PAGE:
The U.S. Supreme Court has once again dealt a decisive blow to a state court’s effort to resist a valid arbitration agreement. In an unusual “summary reversal,” the Court unanimously held that a state supreme court violated the Federal Arbitration Act (“FAA”) by striking down an employee noncompetition agreement under state law, rather than allowing an arbitrator to decide the issue under a valid arbitration clause. Nitro-Lift Techs. LLC v. Howard, 568 U.S. __ (Nov. 26, 2012). In so holding, the Court rejected the state supreme court’s finding that despite the presence of a valid arbitration clause in the employment agreement, the state court could still rule on the legality of a noncompetition clause in that agreement.

Nitro-Lift, a provider of oil and natural gas well services, entered into confidentiality and noncompetition agreements with two employees. The agreements provided that any contractual disputes “shall be settled by arbitration.” After both employees quit and began working for a competitor, Nitro-Lift served the former employees with demands for arbitration, asserting breaches of the employees’ agreements. The former employees filed suit in Oklahoma state court, arguing that the noncompetition agreements were unenforceable.

The Oklahoma court dismissed the complaint, finding that the employees’ agreements contained valid arbitration clauses under which an arbitrator, not a court, must decide the validity of the noncompetition clauses in the first instance. On appeal, the Oklahoma Supreme Court reversed, holding that “the existence of an arbitration agreement in an employment contract does not prohibit judicial review of the underlying agreement.” Despite a valid arbitration clause in the employment agreements, the court held that it could still rule on the validity of the noncompetition clauses in those agreements. Relying on a state statute limiting the enforceability of noncompetition agreements, the court went on to find that the noncompetition agreements were “void and unenforceable as against Oklahoma public policy.”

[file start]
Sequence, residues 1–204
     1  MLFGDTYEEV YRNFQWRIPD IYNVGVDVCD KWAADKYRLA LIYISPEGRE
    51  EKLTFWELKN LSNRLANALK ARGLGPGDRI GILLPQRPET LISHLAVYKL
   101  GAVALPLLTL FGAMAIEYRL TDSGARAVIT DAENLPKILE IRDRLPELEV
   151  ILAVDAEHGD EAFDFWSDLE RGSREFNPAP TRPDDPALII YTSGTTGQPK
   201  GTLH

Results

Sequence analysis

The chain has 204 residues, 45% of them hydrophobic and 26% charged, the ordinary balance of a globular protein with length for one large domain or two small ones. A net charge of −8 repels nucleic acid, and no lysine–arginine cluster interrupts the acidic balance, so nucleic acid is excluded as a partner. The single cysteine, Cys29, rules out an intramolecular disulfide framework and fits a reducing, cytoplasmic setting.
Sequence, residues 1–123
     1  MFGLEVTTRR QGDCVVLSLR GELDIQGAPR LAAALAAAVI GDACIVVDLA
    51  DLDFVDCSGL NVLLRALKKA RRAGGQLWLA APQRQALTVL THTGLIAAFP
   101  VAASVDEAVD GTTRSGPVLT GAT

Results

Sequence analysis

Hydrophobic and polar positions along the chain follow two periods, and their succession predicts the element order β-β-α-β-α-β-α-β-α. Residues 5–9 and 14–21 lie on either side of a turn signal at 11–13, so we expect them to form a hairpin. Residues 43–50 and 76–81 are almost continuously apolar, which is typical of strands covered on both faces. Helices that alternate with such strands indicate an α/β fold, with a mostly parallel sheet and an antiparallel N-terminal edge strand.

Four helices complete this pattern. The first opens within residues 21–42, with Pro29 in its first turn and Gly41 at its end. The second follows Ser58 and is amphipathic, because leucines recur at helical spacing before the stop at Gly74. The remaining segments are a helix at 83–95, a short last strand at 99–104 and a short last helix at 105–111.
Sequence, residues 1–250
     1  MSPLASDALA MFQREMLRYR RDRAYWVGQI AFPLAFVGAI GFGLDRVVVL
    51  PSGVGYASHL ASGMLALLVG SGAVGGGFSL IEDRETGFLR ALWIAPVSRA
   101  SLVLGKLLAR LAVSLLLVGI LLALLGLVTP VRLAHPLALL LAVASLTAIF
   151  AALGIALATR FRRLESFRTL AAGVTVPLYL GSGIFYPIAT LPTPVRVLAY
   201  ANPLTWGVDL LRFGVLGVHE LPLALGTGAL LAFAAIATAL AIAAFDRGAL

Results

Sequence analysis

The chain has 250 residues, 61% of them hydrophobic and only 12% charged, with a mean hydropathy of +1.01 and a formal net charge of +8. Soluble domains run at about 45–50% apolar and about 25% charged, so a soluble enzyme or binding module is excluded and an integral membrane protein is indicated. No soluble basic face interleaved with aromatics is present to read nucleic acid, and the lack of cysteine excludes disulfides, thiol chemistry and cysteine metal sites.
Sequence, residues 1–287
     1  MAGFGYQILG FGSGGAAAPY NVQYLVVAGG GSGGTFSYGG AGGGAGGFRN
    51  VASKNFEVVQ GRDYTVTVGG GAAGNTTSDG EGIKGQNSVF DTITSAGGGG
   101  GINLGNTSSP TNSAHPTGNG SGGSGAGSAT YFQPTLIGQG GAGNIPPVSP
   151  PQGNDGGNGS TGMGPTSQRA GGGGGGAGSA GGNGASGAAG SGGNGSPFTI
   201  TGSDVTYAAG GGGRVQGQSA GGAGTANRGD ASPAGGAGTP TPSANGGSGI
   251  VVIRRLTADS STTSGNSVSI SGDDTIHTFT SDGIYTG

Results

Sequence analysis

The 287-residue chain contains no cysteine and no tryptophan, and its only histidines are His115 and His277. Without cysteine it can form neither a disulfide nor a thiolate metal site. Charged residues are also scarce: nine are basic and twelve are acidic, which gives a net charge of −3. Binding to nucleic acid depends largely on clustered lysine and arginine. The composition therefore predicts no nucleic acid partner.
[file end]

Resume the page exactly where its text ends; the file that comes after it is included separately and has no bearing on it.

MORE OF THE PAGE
The U.S. Supreme Court granted certiorari and summarily vacated the Oklahoma Supreme Court decision, issuing its per curiam ruling based only on the petition for certiorari, without full briefing and oral argument. According to the Court’s ruling, the FAA and Supreme Court precedent mandate that, where an agreement contains a valid arbitration clause, an arbitrator (and not the court) must decide whether a noncompetition clause contained in the agreement is valid. The Court emphasized that “it is a mainstay of the [FAA’s] substantive law that attacks on the validity of the contract, as distinct from attacks on the validity of the arbitration clause itself, are to be resolved by the arbitrator in the first instance, not by a federal court.” After a court has determined the validity of an arbitration clause, “the validity of the remainder of the contract . . . is for the arbitrator to decide.” Thus, “it is for the arbitrator to decide in the first instance whether the covenants not to compete are valid as a matter of applicable state law.” In so holding, the Court rejected the Oklahoma Supreme Court’s conclusion that the underlying contract’s validity is a matter for judicial determination.